Tag Archives: editing

I wish I had written this.

Back in the day a journalist for the Norfolk Pilot newspaper got his copy back from his editor with this note: “Sorry it’s so short but a certain amount of muck, spleen, libel, hogwash, garbage, neologism, prurience, presumption, assumption, half-assumption, … Continue reading

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Editing for a civil society

Friend of No Contest Communications Chet Wisniewsiki, a principal research scientist at Sophos, woke me up with this short thread earlier this week:

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Happy to help

Twice in the last week I have helped to prevent a calamity from befalling a colleague. One colleague was irritated and the other was infuriated to receive my editorial help, though they each requested it. Both will come out “smelling … Continue reading

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Editors are there for you.

This note appears in Seymour Hersh’s Reporter: A Memoir.  The last seven words are utterly splendid. Here is a congenial interview with Hersh by Christian Lorentzen.

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Editing

The New York Times obituary of famed film editor Anne V. Coates is very charming. Ms. Coates vowed to find a way to make a career in cinema. She would need to overcome not only her family’s resistance but also … Continue reading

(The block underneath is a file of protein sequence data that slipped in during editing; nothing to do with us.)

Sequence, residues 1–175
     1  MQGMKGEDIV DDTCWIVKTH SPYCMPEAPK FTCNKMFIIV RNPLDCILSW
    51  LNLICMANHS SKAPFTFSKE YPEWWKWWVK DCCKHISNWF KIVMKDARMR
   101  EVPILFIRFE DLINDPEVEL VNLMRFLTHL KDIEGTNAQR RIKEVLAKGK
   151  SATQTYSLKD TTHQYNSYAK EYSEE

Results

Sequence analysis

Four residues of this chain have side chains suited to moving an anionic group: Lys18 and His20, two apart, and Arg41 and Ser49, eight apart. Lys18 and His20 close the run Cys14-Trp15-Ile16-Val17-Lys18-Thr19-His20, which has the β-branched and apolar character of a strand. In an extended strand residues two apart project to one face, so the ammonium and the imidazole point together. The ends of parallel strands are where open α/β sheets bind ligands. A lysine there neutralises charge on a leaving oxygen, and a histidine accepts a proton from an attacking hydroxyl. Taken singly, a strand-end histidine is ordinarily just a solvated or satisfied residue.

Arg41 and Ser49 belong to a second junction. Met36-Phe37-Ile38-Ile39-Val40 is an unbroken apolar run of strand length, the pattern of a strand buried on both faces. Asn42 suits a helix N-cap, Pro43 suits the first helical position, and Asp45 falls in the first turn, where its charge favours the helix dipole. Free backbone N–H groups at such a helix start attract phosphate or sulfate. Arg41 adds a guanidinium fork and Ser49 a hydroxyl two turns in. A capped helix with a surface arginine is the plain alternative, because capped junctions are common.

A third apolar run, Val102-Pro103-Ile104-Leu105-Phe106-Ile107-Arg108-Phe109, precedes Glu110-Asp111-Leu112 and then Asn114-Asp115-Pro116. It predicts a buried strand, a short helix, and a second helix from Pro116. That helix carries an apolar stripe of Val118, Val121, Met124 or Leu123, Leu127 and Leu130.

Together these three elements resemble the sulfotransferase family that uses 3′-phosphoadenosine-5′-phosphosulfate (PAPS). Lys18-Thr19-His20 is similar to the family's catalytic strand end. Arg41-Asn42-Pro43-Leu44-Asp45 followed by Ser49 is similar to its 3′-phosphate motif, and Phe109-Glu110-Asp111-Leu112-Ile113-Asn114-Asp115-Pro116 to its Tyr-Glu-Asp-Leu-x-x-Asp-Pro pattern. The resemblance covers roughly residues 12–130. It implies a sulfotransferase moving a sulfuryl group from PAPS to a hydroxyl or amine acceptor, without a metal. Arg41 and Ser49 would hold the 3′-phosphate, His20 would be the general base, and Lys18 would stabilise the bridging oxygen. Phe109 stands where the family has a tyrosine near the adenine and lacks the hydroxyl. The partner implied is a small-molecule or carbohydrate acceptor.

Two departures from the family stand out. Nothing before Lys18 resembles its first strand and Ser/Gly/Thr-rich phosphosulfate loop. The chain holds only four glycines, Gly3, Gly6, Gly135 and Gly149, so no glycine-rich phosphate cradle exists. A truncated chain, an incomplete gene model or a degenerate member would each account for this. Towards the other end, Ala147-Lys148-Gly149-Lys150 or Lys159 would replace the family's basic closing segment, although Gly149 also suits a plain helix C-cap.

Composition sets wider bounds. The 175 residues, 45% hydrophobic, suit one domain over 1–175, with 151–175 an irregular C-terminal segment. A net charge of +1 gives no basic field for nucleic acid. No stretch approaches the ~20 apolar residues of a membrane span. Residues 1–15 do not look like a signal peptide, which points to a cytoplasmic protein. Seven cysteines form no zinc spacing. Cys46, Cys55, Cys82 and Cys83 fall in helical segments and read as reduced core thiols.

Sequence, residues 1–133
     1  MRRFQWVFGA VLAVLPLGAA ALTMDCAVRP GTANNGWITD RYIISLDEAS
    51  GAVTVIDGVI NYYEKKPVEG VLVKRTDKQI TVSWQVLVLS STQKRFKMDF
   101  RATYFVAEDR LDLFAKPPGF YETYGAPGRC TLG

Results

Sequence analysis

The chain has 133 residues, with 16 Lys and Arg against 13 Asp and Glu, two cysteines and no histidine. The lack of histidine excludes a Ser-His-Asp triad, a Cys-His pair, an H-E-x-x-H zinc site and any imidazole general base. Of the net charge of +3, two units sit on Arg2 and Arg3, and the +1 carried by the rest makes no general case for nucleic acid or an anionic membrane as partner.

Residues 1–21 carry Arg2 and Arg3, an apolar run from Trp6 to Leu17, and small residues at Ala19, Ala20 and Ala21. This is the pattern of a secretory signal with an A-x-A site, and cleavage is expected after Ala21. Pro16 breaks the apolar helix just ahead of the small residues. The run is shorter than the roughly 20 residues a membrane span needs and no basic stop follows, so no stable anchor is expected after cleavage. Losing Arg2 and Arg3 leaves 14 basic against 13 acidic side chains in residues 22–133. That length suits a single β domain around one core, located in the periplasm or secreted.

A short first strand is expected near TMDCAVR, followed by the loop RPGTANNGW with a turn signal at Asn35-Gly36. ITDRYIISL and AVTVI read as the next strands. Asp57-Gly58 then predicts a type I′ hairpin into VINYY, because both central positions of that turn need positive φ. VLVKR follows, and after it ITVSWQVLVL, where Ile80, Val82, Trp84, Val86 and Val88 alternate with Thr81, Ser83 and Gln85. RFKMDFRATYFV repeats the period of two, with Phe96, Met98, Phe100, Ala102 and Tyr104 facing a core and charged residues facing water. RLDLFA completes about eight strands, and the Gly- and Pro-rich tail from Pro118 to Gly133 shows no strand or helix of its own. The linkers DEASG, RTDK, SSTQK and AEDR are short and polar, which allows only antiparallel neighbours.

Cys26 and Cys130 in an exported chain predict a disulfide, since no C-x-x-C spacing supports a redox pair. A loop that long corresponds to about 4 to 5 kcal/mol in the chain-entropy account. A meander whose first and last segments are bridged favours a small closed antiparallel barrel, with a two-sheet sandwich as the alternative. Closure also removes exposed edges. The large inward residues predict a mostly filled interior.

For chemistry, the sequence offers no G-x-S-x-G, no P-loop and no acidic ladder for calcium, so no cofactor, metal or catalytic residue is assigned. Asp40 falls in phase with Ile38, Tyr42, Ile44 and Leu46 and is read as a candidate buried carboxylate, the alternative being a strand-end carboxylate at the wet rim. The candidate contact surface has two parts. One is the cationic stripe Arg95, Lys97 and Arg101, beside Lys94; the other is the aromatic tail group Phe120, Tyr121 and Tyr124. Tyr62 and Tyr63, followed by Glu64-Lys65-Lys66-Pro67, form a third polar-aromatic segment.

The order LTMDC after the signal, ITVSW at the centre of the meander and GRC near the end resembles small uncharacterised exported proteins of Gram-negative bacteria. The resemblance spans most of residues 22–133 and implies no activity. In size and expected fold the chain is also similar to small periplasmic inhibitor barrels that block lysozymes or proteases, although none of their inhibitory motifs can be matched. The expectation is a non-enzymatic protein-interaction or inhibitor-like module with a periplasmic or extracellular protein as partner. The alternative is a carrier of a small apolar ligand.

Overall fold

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More on editing

In an early NoContest.CA post on editing, I described “the 9 C’s” I use when evaluating another writer’s work: completeness conciseness clarity convincingness currency correctness consistency congruency courtesy I added: Almost all writers need a second set of eyes to assess … Continue reading

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Self-revision

It is hard to edit one’s own work into its final version; you always need a second pair of eyes. One can, though, review and recast one’s work using intelligent techniques. My former mentor NYU Journalism professor Jay Rosen mentions two … Continue reading

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Tracking Online News

My new favourite website is NewsDiffs.org, which tracks and archives changes made to online news articles over time. Currently it follows nytimes.com, cnn.com, politico.com, washingtonpost.com, and bbc.co.uk; no Canadian publications yet, alas. Click on the image to see how a … Continue reading

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Writing and editing for the computer screen

Lawyer and language genius Bryan Garner over at LawProse.org spells out, in typically lucid fashion, how to compose documents when you know they will be read on a computer screen rather than on paper. 1.Summarize. It’s important to learn the … Continue reading

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Foreign loanwords in transition: What should they look like?

You might be surprised how often this comes up for professional writers and editors. Bryan Garner, the ace lawyer & editor & language authority, explains: The more arcane or technical a loanword, the more likely it is to retain a … Continue reading

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